Category Archives: Blue Rider Press

The Book of Extraordinary Deaths: The True Accounts of Ill-Fated Lives by Cecilia Ruiz

Title: The Book of Extraordinary Deaths: The True Accounts of Ill-Fated Lives
Author and Illustrator: Cecilia Ruiz
Publisher: Blue Rider Press
ISBN: 978-0399184048
Genre: Humour
Pages: 80
Source: Personal Copy
Rating: 5/5

Death comes to all. It is the how that makes things interesting or not. For instance, twins dying on the same day, almost at the same time or dying in a hot-air balloon duel or even because of a fatal wardrobe malfunction. I mean it does sound silly, and unreal, but it happened. Cecilia Ruiz’s slim book deals with such extraordinary deaths.

It is a short compilation of unusual and ironic deaths throughout history. Of course, she couldn’t document all of them, so there are some that I guess were close to her in a sense, and therefore are in this book. The images that go along with the short note are as stunning as they are in The Book of Memory Gaps (another fascinating book by her).

I loved this book because while being macabre, it was also funny. Ruiz has a knack of doing that. The ways in which some people died intrigued and interested me. I think I will most certainly read up more about their lives later in the month. Pick this one up. It is a lot of fun!

The Book of Memory Gaps by Cecilia Ruiz

The Book of Memory Gaps by Cecilia Ruiz Title: The Book of Memory Gaps
Author: Cecilia Ruiz
Publisher: Blue Rider Press
ISBN: 978-0399171932
Genre: Comic Strips, Graphic,
Pages: 64
Source: Personal Copy
Rating: 5 Stars

The fourth book read this month and let me tell you, that while it may be a short book, it certainly will linger in your memory for a while. Funny how I used memory there when the book is about memory gaps. It is a tribute to Jorge Luis Borges and his meditations on memory and time.

Ruiz tells tales of individuals whose memories have failed them. These individuals’ tales are short – a few lines and the rest of the talking is done by the illustrations accompanying them. These stories have to do with false memories, memories that keep getting renewed each day and getting nowhere, memories that are not wanted and memories that keep going in circles. The instances of not remembering are also witty sometimes – also heartbreaking to a large extent.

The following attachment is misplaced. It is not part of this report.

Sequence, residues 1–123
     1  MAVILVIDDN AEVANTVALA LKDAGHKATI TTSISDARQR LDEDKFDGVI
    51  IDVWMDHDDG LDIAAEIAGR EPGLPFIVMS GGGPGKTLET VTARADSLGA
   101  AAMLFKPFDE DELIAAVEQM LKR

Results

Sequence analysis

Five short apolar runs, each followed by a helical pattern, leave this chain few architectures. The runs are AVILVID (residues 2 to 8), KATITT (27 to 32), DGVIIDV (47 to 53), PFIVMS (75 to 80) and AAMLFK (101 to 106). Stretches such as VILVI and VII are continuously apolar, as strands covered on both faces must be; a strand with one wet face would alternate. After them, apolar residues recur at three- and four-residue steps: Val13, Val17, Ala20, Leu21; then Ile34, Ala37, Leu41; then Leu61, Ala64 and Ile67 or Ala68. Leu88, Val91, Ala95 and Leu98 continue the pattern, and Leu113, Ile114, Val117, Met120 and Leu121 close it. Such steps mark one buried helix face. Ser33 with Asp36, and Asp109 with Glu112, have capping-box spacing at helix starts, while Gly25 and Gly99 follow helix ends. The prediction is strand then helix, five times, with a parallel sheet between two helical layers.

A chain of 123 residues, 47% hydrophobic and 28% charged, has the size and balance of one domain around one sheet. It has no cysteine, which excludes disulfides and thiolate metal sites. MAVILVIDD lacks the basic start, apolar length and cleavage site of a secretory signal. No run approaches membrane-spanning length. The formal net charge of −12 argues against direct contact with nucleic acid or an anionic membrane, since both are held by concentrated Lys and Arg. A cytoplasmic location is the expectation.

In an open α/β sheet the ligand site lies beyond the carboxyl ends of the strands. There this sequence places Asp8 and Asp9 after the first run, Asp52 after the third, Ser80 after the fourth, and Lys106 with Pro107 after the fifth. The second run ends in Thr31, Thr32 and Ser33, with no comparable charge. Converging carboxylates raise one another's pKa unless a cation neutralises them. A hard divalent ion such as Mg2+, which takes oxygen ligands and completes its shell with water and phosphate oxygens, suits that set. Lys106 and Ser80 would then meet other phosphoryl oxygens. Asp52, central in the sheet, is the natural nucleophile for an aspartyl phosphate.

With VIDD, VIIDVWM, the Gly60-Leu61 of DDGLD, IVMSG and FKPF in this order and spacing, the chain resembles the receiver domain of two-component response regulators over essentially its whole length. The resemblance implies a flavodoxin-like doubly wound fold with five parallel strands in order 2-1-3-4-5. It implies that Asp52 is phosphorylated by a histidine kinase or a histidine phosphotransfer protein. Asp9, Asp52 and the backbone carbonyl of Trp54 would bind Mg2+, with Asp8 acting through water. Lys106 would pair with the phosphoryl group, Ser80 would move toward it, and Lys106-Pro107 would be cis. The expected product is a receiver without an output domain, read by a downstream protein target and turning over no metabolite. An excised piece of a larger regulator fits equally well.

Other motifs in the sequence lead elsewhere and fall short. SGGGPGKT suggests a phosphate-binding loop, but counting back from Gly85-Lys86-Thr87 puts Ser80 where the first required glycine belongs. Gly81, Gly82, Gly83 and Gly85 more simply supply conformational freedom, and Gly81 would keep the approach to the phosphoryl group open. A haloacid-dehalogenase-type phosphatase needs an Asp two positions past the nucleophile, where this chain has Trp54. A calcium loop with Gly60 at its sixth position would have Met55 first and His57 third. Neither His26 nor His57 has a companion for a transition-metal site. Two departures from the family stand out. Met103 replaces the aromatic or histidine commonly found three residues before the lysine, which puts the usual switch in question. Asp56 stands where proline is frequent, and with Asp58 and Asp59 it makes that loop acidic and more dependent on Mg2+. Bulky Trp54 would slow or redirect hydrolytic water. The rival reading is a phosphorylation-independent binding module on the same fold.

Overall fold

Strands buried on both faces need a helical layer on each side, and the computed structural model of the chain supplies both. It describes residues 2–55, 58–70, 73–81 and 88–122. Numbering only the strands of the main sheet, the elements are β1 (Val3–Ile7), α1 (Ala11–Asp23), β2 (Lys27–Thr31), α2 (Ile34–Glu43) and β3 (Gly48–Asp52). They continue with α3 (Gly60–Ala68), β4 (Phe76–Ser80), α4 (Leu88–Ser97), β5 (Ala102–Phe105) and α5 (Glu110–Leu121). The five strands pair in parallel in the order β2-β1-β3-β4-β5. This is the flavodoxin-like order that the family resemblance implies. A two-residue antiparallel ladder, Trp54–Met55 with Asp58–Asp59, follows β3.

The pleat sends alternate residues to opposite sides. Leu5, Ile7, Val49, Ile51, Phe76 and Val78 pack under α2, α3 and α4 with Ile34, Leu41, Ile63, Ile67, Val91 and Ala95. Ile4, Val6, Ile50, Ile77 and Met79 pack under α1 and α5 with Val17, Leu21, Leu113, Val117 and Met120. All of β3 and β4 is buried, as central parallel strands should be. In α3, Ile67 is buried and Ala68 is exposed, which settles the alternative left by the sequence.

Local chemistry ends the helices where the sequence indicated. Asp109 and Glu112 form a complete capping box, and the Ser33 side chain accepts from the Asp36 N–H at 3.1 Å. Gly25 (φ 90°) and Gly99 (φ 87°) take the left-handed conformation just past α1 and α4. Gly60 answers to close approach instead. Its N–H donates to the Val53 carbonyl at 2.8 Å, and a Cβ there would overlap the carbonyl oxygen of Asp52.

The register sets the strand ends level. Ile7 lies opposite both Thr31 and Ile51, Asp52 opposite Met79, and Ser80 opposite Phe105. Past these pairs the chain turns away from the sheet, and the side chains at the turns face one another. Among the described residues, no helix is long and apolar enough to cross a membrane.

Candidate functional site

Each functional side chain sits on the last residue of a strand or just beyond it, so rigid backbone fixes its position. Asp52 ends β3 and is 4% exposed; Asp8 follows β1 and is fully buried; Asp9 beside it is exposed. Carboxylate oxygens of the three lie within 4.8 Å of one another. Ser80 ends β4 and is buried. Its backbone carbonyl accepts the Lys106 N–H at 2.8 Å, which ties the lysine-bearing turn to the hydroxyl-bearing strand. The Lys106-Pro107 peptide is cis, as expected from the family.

Some characters suffer from dementia. Some are just lost. Some are searching endlessly. It is almost like the collection of these small tales represents one emotion: Melancholy. The illustrations also go so well with the text – they are dusky and have this dreamlike quality attached to them. The book resonated with me long after. It is the kind of book that stays with you. I am still reeling from its effect.

Book Review: Seven Deadlies: A Cautionary Tale by Gigi Levangie

Seven Deadlies by Gigi Levangie Title: Seven Deadlies: A Cautionary Tale
Author: Gigi Levangie
Publisher: Blue Rider Press
ISBN: 9780399166730
Genre: Fiction, Literary Fiction
Pages: 224
Source: Publisher
Rating: 4/5

I just picked up, “Seven Deadlies: A Cautionary Tale” by Gigi Levangie on a whim. I had been meaning to read it though, however it was just one of the books that I picked up without reading the synopsis or the blurb. It was also one of those nights when I needed something light and though the book is quite deceptive with its writing style, it is anything but a light read. It is a fast read for sure though and lives up to that.

“Seven Deadlies” is about the seven sins of the new world. The sins have not changed, however their perception and relevance has. The book starts with Perry Gonzales – a fourteen year-old Latino (ridiculed much about being who she is), who wants to become a writer, writing to Bennington – a premier university, talking about her experiences as a baby-sitter and tutor to children her age and below. She has been baby-sitting since the age of eight and the book is about her life in a Californian plush school, the Mark Frost Academy, and what comes with observing life of the rich and the famous and more so the lives of their children. Perry’s mother is a nurse and she is the only support Perry has. Perry only wants a better life for herself and in all of it, she chronicles the lives of others.

The seven sins mentioned in the book are all related to children – teens or otherwise. Though the book is told from a teenager’s point of view, I don’t think it is meant for young adults. In my view, the book is of course a modern day fable on how soon childhood disappears and forms into something else along the way – given the world we live in. The competitive spirit is spoken of, the addiction to games, the need to want everything and more and more than anything else – the time spent with family is absolutely nil. On the surface the book is about different lives and lifestyles, however at the core it is about the world our children inhabit or just might.

Levangie’s writing is perfect. It is fast-paced and yet the detailing is there and doesn’t let go at any point. It is not rushed. However, I thought the ending could have been better. It almost seems clichéd which did not work for me at all. The story telling manner is extremely unique and hence the four stars just for that and not to forget the brilliant plot. A great read – chilling, fearful, funny and intense at the same time.

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